South Australia Approves New Koala Plan for Kangaroo Island

State government approves new rules for harvesting with investigation into koala cruelty ongoing.

Wed 27 Mar 24


Forest harvesting will resume on Kangaroo Island after the South Australian Government green-lit a new Koala Management Plan yesterday. 

The new plan comes after footage of Koalas under duress “shocked the world” and caused “embarrassment for the state’s tourism industry”, according to SA Liberal Opposition Leader and former Environmental Minister David Speirs, probing the government to launch an ongoing investigation into Koala Cruelty in the plantations.

Wood Central understands the new management plan will cover 18,600 hectares of the Island’s controversial Tasmanian Bluegum plantation. In the fallout, Kiland, the plantations’ owner, replaced the contractor, Australian Agribusiness Group (AAG), responsible for harvesting.

It comes as Deputy Premier and Minister for Climate, Environment and Water Susan Close told ABC Radio Adelaide that she was “rushing” to implement a regulation change to the National Parks and Wildlife Act that would give her the power to halt logging activity that was not undertaken per a management plan.

Improvements to koala welfare management in the plan include:
  • Additional koala spotting requirements and strategies to manage fatigue and communications with harvesters
  • A requirement to report incidents within 24 hours and monthly interactions and operational activity reports to authorities.
  • Notification of planned harvest activity two weeks before
  • Formalising relationships between vets, wildlife carers and company
  • Differentiating koala spotting strategies between structurally stable plantations and those unsafe due to fire impact

In addition, the Department of Environment and Water will monitor the plan’s effectiveness over the next six months and has pledged to coordinate unannounced compliance checks of the plantations to ensure procedures are followed.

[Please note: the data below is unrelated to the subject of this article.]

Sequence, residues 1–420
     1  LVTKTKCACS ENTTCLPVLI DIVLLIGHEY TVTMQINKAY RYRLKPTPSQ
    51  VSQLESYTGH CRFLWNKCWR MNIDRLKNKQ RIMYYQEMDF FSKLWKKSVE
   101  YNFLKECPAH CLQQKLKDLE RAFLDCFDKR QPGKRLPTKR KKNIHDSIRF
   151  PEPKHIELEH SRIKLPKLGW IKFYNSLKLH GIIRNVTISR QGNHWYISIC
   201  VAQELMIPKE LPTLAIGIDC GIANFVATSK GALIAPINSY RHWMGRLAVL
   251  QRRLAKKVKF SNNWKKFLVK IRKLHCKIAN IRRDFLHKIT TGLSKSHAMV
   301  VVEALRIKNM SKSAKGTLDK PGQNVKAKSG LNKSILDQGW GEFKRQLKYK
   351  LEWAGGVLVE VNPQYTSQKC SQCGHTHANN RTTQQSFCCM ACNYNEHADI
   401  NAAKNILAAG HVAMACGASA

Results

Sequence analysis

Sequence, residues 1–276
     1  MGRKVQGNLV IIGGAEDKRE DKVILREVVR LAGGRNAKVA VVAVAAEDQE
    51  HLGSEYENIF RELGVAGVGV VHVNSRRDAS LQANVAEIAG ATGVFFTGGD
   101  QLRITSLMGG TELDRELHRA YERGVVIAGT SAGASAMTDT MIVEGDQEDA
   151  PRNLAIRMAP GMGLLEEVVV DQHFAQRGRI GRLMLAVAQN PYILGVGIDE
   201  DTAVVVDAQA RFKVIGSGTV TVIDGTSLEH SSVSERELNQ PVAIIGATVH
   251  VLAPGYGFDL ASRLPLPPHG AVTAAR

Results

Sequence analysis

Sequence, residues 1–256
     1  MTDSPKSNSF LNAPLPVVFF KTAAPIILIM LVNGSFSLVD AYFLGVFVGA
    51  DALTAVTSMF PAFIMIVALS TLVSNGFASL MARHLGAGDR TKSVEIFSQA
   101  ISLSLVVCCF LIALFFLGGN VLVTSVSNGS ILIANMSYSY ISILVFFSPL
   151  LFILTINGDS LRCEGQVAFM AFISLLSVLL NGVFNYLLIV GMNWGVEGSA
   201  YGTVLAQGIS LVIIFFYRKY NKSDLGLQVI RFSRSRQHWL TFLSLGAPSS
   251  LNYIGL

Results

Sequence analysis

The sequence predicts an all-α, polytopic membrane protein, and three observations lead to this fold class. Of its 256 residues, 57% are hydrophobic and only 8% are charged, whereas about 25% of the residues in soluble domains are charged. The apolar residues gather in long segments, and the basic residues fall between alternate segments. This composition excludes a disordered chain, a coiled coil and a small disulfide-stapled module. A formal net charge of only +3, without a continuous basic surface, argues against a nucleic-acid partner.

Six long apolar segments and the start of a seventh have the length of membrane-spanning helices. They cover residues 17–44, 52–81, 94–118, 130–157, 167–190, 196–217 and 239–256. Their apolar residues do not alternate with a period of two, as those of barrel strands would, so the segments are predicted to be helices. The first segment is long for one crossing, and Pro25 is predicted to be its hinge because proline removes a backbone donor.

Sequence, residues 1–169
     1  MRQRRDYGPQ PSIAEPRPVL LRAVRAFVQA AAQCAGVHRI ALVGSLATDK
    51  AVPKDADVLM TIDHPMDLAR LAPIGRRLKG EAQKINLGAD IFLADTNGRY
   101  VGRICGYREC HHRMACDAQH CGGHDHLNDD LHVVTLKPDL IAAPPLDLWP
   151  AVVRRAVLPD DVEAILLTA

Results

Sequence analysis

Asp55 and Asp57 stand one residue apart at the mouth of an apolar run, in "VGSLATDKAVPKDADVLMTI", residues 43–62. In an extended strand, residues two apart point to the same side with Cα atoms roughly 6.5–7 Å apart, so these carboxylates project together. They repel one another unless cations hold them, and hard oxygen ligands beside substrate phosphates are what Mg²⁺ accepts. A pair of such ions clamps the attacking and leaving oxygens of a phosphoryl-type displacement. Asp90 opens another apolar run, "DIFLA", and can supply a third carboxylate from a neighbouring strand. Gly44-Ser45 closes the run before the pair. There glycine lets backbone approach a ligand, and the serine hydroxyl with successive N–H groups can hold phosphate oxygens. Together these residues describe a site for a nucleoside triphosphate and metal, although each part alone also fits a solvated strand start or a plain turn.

Minister Close said, “The footage of koalas being killed and injured in timber plantations on Kangaroo Island shocked our community and required an immediate response from the government.” Last week, she met with Kiland’s executive team in Sydney and said Kiland “needs an improved management plan before removing invasive Tasmanian Blue Gums.”

“While this improved management plan will allow the company to resume felling, the investigation into any breaches of animal welfare laws is ongoing,” Minister Close said, adding that the government is “working on a broader management plan for koalas on the island.”

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Kangaroo Island is Australia’s third largest island – after Tasmania and Melville Island. The Black Summer bushfires of 2019-20 had a devastating impact on Kangaroo Island, South Australia. The fires burned approximately 211,474 hectares of land, which is almost half of the entire island – including 95% of the Island’s Koala habitat. (Photo Credit: Photo 8313871 | Kangaroo Island © John White |

In 2021, Kiland committed to converting its 18,696 hectares of plantation to land for traditional agricultural production. Kangaroo Island Wildlife Network president Katie Welz is pushing for the state government to acquire unburnt land from the 2019/20 Black Summer fires and convert it into a temporary koala refuge while a long-term management plan for the species.

“What we … would love to see is a sacrificial plantation where healthy koalas can be put in to live out their natural lives,” she said, adding that “we’re seeing koalas starving and being displaced in large numbers, and this is just not good enough.”

History of the Island’s koalas

Koalas were introduced to the Island in the 1920s amid fears they could become extinct on the mainland. Eighteen animals were released in Flinders Chase National Park, but their numbers quickly expanded.

Between 1997 and the Black Summer fires in 2019/20, more than 12,300 koalas were sterilised, and 3,800 were relocated to south-east South Australia in an attempt to control their numbers on the Island.

A 2010 survey estimated the koala population at 14,000, but in 2015—the first time the plantations were included —that number jumped to 48,000. Only 8,500 were believed to have survived the Island’s devastating 2019–20 Black Summer bushfires.

A spokesperson for the Department for Environment and Water said a survey taken two years ago estimated the koala population had recovered to about 15,000, with about 20 per cent thought to be living in the blue gum plantations.


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